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Liberia, College scholarships

Two students from the school in Grandcess received onward scholarship to college.

One has gone to Pleebo & another to Harper.

Pastoral Experience Overview (Brother Godfrey Nemah) 2008

Last modified on 2011-07-29 10:09:14 GMT. 0 comments. Top.

I was in Grand Cess in 2007 when Help a Child visited the village and I was subsequently asked if I would contribute to this blog, here is my first installment.

According to one of the regulations of the Diocese of Cape Palmas, Liberia regarding the formation of candidates for the Celibate Catholic Priesthood, every seminarian must do a year of pastoral work at the end of his philosophical studies. This is to ensure a proper pastoral formation of the candidate; also it gives the candidate firsthand knowledge about the people he will work with as a priest when he is eventually ordained.

It is due to the above that I was posted to St. Patrick Catholic Church, Grand-cess, Grand Kru County, Liberia.

My primary responsibilities were to teach in the Catholic schools and to spread the Catholic faith by teaching the Church’s Doctrine both in the schools and to adults who needed to receive the Sacraments.

I also led the communities in Prayer Services in the absence of the priests I was assigned to work with. More importantly, I spent much of my time with young people who were at school age but could not afford to pay their own tuitions probably because they lost their parents during the Liberian Civil War or their parents were alive but could not just afford to send them to school due to poverty.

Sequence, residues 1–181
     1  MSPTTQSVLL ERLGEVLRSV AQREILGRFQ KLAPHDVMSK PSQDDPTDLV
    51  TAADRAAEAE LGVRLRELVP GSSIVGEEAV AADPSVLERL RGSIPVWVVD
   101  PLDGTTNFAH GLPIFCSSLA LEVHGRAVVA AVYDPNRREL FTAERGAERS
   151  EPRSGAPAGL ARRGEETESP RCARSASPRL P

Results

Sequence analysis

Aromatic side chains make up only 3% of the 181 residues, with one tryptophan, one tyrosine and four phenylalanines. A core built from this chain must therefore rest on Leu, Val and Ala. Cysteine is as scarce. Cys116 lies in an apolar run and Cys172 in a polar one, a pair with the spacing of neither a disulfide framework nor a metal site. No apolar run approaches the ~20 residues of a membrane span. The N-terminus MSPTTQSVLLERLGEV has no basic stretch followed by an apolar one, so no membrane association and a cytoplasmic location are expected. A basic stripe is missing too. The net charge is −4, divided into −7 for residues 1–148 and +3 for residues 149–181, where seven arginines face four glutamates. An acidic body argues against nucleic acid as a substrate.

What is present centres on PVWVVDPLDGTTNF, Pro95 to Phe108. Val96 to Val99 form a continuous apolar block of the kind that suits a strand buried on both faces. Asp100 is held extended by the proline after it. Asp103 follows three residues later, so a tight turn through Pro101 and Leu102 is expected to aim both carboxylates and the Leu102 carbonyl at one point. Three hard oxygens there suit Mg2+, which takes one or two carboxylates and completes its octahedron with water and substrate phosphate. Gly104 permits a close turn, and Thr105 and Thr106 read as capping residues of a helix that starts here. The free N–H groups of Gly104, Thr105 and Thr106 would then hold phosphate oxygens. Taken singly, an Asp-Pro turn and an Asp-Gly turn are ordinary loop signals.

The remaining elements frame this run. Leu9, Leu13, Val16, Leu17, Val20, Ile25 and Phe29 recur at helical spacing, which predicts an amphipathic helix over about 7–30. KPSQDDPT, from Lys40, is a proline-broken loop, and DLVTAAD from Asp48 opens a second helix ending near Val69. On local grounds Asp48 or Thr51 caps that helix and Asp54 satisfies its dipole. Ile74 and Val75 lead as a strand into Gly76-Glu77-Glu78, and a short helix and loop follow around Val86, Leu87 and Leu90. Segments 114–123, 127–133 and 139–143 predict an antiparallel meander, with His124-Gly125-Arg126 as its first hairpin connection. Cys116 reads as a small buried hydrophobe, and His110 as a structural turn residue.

I was very interested to note at first that some of those boys and girls, who were very serious to attain at least high school education, either went out fishing or harvested palm nuts to sell so as to pay for their tuition at the end of the day.

Many of them were exposed to the danger of either drowning or falling from a the very tall palm trees on a daily basis.

In situations like the ones mentioned, I asked myself several questions such as:

  • How much money can these boys and girls earn at the end of the day to solve these problems?

  • If any of them is a victim of accident in the process of their life, who takes care of the hospital bills?

  • How are they fed and provided for daily anyway?

Carving out a megre life from so little with so many risks and little education if any, I found very humbling.

Many of my questions of the lives of these contented peoples were left unanswered during my pastoral year.

Some of the children and families were even appealing to me for help but I was financially incapacitated to have done something to solve their problems.

Fortunately, “help a child” came to see the students of in Grand-cess while I was still at work with these problems that were bothering me.

Help a Child made many children beneficiaries of a scholarship, it was easy to contact them.

Indeed, Help a Child accepted the request and almost all of these children in the village.

The minimal requirement expected of them to continuously enjoy this scholarship is to remain studious so as to attain a pass mark every term.

I received a message from the principal of St. Francis High School that some of these children have now unbelievably progresses to the almost unheard of progression of their studies at the colleges in Pleebo and Harper Cities respectively at ” help a child’s” expense.

According to the principle, these are children are those who proved themselves as the best in Grand Cess and are doing well at college.

Small changes to Liberia from the likes of Help a Child will undoubtably make a big difference.

I will write again soon..

Godfrey

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